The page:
‘It came, we saw and we conquered.’ This is how the average Nigerian sees Ebola – a once menacing threat that has departed from their world,never to return; leaving in its wake martyrs, memorable jokes and lots of handsanitizers lying forgotten and dusty on supermarket shelves, in bags and ondressing tables. After all, Ebola is gone.

Nobody mentions Ebola anymore – most people suffer through theshort commercials designed to educate people on how to minimize the risk of its spread, eager to resume the ongoing broadcast. If by chance the topic is mentioned in a gathering, the speaker is seen as pessimistic, a sadist, why bring up the past? Why not just move on and enjoy the gift of life.

According to a report by WHO, as of the 12th of January, Ebola with more than 20,000 known cases of infection has claimed 8,386 lives, 8 of which came from Nigeria.

The disease originated in March 2014 in Guinea, it spread to Liberia before eventually reaching Sierra Leone, and these three are the most affected countries. Since then, other countries such as Nigeria, Senegal, United States of America, Germany, Norway, France, Italy, Switzerland, United Kingdom and Mali have all treated patients who contracted the virus in West Africa.

‘The World is a global village’, another popular saying, if only we knew just how true the statement is. Since its reemergence last year in March, the Ebola outbreak has been described as the worst so far in the history of the disease. The death toll in this outbreak alone is more than those of past outbreaks combined.

The good news is, Nigeria was declared Ebola free on the 20th of October, 2014, a glorious day for most Nigerians who knew what was at stake. The not too good news is, Nigeria is located in West Africa, where the Ebola cases are pouring out from. Even though Nigeria doesn’t share a border with any of the countries currently affected, she is a transport hub, receiving and expelling people from all over the world including other countries in West Africa.

Another point to note, just in case you were wondering, is that Ebola cannot be eradicated. It is a zoonotic disease, gotten from animals with the fruit bat being the most implicated; if you want to eradicate it, you’d have to eradicate all the known animals that serve as carriers. Ebola affects humans when there is a ‘trans-species’ transmission from animal to human. This does not happen often and one way it can be avoided is by not eating implicated animals such as fruit bats and monkeys.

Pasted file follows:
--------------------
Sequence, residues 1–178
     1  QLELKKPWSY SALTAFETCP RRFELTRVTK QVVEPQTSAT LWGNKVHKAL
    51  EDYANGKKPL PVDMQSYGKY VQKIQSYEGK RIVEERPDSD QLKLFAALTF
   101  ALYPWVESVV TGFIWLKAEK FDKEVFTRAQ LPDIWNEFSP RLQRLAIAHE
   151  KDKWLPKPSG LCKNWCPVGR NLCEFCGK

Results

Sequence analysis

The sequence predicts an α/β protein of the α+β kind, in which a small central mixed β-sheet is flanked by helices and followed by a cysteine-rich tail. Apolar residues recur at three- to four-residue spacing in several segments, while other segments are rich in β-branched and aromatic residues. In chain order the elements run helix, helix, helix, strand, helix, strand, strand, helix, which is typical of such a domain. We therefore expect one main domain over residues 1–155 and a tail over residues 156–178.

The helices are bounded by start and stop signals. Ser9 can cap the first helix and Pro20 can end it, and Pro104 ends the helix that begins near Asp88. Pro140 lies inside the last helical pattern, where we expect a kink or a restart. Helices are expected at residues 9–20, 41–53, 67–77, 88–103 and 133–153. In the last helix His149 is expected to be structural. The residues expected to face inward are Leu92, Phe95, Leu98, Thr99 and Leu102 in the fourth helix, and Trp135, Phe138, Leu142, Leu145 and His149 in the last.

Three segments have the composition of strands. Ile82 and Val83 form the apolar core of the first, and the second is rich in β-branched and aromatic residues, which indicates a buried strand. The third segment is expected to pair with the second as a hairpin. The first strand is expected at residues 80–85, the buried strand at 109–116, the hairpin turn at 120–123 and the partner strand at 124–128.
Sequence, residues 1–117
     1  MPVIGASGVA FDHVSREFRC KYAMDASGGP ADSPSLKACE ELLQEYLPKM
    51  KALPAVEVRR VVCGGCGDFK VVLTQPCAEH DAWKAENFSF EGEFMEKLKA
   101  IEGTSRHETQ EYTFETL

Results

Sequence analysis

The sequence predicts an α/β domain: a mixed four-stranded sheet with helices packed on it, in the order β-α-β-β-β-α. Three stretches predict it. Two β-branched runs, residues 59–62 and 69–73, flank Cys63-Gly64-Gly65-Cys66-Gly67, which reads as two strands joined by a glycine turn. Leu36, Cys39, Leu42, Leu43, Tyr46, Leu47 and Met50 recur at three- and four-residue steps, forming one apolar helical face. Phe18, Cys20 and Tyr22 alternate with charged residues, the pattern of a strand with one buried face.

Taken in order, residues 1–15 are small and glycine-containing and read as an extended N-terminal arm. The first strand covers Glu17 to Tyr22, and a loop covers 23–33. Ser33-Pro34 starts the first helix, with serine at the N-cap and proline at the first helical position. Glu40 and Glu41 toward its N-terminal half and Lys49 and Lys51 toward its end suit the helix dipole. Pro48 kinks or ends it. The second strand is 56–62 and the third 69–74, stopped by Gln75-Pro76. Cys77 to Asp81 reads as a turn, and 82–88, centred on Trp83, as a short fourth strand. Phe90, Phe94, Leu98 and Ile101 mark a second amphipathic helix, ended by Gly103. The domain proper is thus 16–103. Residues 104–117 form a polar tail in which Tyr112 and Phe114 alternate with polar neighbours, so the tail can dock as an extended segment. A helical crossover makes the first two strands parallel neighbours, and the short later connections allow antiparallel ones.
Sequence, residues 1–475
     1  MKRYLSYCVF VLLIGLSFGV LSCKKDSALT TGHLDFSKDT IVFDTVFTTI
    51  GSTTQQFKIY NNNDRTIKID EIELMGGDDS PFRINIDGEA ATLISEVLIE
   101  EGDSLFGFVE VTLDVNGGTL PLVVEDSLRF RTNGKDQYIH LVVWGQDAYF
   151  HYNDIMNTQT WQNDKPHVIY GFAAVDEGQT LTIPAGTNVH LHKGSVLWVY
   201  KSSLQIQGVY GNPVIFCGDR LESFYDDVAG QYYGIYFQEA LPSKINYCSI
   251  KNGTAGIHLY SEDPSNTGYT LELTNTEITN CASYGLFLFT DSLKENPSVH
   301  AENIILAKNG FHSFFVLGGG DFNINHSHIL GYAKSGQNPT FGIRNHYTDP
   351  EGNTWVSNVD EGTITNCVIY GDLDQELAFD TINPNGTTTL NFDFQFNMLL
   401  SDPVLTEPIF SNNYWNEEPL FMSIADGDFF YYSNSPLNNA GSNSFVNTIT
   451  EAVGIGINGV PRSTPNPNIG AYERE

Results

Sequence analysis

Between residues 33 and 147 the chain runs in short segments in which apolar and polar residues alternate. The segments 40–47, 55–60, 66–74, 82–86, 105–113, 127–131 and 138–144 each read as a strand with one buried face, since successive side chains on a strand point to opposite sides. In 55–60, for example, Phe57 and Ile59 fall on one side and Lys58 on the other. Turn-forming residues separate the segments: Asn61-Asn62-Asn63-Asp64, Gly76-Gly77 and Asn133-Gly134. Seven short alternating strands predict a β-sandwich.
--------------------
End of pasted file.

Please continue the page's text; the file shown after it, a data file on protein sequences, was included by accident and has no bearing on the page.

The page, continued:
Now that we know that we can’t afford to be the ostrich that buries its head under the ground, leaving its entire body exposed while hoping to stay invisible, what are we going to do?

Simple. What we were doing all along. No one is asking you to change your middle name to Ebola or set up an NGO, you don’t have to become a doctor. All you have to do is not be selfish. It’s that simple.

Wash your hands as often as possible like you used to do. When you can’t, use hand sanitizers. Do not eat fruit bats, monkeys or chimpanzees, there are so many other delicacies to try out. If you see a suspicious case of someone with a very high fever vomiting with a diarrhea, call for help and most importantly, spread the word.

Nigeria didn’t have any miracle drugs or ‘tech’ labs when Ebola came knocking. What we had were selfless people – some lost their lives in the process of trying to curb the disease’s spread. We had simple messages of personal hygiene and most of all, we a powerful communal effort at seeing that the disease did not overrun Nigeria.

Nigeria is free of Ebola, let’s keep her this way.

Moyosore Laditan

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